Home News SAfrican airline probes in-flight thefts

SAfrican airline probes in-flight thefts

Published on 15/01/2016

South African airways said Friday it was investigating the involvement of a syndicate in thefts from sleeping passengers aboard international flights, and has already blacklisted one passenger.

The national carrier’s statement came after a passenger reported that a fellow traveller had stolen jewellery and about $1,800 dollars in foreign currency from his luggage in the overhead locker on a flight from Johannesburg to Hong Kong.

“We are now aware of three incidents of suspected pilferage and theft on board our aircraft that occurred within three weeks of each other on route between Johannesburg and Hong Kong,” SAA spokesman Tlali Tlali said in an email to AFP.

“The incidents occurred within a short space of time on one route to give rise to suspicion that a syndicate could be involved.”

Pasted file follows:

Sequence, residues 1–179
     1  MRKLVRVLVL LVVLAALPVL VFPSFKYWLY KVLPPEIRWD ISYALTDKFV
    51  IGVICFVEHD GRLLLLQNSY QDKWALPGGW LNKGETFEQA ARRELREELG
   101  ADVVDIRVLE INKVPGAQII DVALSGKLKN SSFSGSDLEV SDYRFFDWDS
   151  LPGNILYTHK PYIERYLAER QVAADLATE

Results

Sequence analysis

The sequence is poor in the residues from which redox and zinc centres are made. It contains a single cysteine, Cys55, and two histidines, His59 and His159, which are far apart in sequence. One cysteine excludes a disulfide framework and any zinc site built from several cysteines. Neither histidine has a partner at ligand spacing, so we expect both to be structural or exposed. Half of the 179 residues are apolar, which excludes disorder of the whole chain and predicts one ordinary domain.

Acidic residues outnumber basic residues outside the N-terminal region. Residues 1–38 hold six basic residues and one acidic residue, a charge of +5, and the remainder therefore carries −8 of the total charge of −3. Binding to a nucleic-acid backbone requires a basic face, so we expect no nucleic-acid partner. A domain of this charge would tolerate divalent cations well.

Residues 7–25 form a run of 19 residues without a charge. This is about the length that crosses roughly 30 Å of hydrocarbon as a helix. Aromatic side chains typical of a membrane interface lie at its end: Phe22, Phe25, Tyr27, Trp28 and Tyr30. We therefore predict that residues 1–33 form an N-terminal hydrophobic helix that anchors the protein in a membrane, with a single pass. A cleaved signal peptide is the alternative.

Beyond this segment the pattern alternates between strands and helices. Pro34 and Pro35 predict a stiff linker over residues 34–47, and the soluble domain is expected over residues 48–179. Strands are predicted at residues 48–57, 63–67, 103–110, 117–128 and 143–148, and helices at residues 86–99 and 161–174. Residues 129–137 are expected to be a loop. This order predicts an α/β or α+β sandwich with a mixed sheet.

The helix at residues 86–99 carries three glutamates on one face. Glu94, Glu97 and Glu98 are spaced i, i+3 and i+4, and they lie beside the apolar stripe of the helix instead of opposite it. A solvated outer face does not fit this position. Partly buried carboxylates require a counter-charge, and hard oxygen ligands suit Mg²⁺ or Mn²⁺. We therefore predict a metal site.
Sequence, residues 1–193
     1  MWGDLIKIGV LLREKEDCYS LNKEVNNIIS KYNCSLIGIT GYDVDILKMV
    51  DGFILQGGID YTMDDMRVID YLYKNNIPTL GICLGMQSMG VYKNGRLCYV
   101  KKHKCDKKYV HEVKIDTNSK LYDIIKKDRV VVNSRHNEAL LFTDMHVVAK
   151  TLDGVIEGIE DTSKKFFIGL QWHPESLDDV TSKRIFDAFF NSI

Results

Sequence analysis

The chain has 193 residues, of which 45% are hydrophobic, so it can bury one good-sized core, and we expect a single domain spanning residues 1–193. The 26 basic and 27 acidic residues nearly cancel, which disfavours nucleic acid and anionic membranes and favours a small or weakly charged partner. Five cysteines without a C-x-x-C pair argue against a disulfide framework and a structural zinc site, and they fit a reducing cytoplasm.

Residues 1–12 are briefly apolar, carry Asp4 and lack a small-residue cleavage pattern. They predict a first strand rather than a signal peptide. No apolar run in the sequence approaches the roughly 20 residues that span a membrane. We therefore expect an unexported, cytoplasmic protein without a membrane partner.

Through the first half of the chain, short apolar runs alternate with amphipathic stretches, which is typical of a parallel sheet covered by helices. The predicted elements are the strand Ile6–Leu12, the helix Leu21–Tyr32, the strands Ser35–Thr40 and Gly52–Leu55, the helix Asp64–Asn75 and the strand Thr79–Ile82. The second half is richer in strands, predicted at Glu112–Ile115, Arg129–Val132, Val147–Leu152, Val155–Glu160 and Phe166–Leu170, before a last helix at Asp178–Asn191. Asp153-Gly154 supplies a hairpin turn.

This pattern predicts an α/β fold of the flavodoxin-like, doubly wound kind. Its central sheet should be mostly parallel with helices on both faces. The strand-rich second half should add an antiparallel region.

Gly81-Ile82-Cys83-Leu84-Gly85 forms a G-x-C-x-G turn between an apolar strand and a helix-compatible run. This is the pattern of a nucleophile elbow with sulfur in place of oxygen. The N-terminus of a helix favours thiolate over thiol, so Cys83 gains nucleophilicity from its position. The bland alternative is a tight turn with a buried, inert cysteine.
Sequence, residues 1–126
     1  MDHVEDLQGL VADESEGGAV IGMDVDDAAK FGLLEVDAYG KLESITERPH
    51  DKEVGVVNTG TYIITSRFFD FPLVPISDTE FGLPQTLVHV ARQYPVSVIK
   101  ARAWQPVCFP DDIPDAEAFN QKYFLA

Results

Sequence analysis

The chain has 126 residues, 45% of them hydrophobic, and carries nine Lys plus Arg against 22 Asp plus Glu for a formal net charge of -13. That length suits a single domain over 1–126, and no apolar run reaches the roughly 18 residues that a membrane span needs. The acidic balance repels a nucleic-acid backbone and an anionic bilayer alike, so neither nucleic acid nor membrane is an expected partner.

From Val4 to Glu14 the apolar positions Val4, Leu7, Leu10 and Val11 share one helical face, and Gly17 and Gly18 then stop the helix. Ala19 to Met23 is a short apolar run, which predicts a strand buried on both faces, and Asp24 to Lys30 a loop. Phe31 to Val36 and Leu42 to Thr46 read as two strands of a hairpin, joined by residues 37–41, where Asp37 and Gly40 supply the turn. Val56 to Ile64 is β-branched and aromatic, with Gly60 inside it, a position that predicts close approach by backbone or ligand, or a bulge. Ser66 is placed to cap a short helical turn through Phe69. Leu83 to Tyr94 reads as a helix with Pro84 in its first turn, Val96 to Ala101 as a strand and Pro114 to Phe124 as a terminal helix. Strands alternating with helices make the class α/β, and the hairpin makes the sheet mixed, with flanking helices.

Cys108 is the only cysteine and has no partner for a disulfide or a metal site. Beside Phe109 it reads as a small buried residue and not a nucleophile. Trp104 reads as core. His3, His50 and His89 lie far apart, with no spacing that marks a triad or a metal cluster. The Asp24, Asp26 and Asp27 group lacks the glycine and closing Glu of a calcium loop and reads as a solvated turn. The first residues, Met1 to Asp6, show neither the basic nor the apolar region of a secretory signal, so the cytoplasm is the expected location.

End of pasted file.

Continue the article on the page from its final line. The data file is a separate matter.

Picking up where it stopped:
Passenger Warren Becker described in an email to Traveller24 his experience on board a flight from Johannesburg to Hong Kong.

“I had just woken up from a sleep when a passenger seated a few rows behind me advised me to check my bag, as she had seen some other passengers take bags from the overhead lockers and were rummaging around in them near the bathrooms,” he wrote.

Becker said he alerted flight attendants, one of whom told him that this kind of theft had happened before “and there was some kind of ‘syndicate’ operating on SAA planes and that ‘I had a right to know about this’”.

Local media said the man suspected of going through Becker’s baggage, as well one of his supposed accomplices, were searched by Hong Kong police officers, but the money wasn’t found on them.

“We plead with our passengers to take precaution with their personal belongings and be vigilant during the flight,” the SAA spokesman said.

“We are extremely concerned that we have experienced such unfortunate events that leave a bad after taste on our passengers’ flight experience.

“We sincerely apologise for these and are exploring a number of practical interventions to eliminate their reoccurrence.”